Quds Day: Cartoon Edition

At a stand just off Enqelab, near the center of the Quds Day rally, a very active desk gave away and sold postcards and memorabilia about the Palestinian cause, and about the perfidy of the Israelis. For about $1.50 I bought Holocaust, a book of illustrations by the Iranian political cartoonist Maziar Bijani, whose work the organizers sold proudly. I reproduce a few key images below. Think of it as an anti-Maus.

(This is an account of the Quds Day rally in Tehran. Click here for all parts of the series.)

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I post these because they are, for starters, fascinating clinical documents. They largely provide their own comment, so I will add only a few observations.

  • The United Nations and the West are mostly depicted as dupes, rather than conspirators.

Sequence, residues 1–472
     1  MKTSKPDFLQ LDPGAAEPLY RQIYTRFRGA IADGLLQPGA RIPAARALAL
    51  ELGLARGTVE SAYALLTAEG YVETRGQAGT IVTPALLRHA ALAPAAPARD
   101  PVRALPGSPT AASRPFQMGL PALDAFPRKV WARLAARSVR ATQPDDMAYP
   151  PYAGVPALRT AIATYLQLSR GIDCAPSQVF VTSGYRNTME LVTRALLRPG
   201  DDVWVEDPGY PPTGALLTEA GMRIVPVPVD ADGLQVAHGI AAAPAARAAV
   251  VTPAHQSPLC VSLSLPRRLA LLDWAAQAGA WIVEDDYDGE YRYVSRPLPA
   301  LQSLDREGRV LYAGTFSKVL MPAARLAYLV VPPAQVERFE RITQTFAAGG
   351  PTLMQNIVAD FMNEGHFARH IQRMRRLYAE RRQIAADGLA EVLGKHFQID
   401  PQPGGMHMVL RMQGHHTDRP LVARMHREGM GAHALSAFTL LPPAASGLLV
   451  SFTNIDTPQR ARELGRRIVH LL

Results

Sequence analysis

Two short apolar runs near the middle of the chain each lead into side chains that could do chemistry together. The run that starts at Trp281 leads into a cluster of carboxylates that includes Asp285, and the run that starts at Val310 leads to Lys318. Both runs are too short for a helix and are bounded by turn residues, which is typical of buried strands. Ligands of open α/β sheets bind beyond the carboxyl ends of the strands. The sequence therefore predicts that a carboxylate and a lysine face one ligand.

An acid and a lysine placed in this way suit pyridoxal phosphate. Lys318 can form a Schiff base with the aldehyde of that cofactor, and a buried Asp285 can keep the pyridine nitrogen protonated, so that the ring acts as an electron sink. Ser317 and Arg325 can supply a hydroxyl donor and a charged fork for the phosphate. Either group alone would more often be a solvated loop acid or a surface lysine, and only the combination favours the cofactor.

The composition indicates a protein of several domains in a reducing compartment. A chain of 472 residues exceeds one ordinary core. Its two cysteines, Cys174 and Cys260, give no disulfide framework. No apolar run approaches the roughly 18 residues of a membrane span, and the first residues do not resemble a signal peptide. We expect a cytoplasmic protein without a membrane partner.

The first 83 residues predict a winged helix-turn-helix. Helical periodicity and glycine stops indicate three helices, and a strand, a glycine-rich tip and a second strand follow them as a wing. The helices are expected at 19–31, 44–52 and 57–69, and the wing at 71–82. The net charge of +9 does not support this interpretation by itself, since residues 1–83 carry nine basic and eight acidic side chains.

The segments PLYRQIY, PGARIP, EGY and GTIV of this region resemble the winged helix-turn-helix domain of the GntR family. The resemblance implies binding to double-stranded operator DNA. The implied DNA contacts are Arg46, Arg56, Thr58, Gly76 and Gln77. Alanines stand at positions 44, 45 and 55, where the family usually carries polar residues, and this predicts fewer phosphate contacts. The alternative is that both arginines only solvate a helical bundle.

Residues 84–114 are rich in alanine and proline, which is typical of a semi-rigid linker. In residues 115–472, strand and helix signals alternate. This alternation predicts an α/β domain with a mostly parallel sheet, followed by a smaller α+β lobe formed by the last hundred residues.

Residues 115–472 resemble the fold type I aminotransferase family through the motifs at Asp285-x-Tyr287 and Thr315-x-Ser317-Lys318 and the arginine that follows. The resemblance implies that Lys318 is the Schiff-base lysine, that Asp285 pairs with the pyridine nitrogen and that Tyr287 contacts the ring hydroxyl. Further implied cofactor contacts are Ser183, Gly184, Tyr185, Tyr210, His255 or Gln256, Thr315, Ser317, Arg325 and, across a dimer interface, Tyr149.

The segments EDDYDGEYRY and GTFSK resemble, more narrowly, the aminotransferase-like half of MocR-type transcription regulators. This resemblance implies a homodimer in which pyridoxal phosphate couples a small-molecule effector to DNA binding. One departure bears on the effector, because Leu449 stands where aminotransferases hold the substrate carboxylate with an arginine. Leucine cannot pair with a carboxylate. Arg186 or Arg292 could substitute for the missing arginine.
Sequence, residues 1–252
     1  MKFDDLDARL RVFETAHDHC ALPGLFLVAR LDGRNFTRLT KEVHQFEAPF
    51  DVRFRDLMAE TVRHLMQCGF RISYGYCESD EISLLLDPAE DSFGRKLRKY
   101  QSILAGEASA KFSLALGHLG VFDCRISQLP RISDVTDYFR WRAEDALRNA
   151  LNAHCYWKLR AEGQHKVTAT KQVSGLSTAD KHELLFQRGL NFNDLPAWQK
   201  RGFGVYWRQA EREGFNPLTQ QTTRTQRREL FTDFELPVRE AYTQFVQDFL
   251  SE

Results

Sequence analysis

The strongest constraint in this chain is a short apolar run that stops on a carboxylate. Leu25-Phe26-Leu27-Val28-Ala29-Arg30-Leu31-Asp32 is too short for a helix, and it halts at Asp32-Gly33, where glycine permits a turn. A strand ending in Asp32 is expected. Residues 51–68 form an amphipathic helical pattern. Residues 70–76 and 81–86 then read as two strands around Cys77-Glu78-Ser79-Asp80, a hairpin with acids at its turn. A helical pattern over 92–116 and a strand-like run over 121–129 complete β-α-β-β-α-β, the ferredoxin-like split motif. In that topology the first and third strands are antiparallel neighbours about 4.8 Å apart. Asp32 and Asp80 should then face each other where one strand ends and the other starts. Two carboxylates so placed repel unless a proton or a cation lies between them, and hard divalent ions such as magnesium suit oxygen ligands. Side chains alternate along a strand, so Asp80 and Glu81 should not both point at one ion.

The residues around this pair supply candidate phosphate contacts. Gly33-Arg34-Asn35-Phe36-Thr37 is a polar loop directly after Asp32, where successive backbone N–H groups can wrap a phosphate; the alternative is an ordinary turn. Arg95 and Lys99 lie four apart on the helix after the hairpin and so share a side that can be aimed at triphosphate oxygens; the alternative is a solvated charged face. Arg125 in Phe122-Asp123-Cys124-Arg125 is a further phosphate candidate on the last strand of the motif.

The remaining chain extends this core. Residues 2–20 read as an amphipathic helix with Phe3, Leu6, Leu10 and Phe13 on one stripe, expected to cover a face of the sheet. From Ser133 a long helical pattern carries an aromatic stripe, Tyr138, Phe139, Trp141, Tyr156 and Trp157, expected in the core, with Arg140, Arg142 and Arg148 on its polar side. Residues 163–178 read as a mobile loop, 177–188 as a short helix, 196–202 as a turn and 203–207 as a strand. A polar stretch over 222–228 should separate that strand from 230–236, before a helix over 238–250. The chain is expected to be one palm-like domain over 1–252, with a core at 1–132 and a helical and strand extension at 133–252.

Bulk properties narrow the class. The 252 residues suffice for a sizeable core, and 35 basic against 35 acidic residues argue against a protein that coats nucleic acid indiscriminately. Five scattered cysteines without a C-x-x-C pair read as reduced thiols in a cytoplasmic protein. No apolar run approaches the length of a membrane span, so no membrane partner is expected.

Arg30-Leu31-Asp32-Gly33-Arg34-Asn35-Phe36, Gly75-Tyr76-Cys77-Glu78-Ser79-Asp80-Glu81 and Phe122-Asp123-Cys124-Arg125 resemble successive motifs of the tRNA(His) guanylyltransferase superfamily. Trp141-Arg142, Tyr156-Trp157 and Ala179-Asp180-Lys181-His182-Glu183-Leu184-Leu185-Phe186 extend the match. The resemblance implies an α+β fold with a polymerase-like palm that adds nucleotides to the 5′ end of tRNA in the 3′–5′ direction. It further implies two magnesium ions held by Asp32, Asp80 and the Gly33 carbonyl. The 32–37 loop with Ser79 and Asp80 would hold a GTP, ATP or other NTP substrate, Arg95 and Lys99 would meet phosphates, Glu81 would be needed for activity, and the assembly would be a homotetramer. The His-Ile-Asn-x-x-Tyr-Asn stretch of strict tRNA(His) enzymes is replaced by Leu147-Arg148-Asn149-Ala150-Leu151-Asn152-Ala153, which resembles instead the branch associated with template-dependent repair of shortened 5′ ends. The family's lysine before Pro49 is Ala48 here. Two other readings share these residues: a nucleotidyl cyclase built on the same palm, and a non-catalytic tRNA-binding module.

• The cartoons deny the Holocaust (see the Jews' numbers multiply after the Second World War), but they mostly decry its instrumentalization.
  • The cartoonist's acquaintance with anti-Semitic tropes is fairly sophisticated, and he knows something about history -- what Zyklon B is, for example. This is not casual anti-Semitism, used cynically as a convenient tool against Israel (though that would be bad enough). It is sincere, calculated Holocaust denial that would presumably be just as deeply believed by its creator if there were no Occupation at all.
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Graeme Wood is a contributing editor at The Atlantic. His personal site is gcaw.net.

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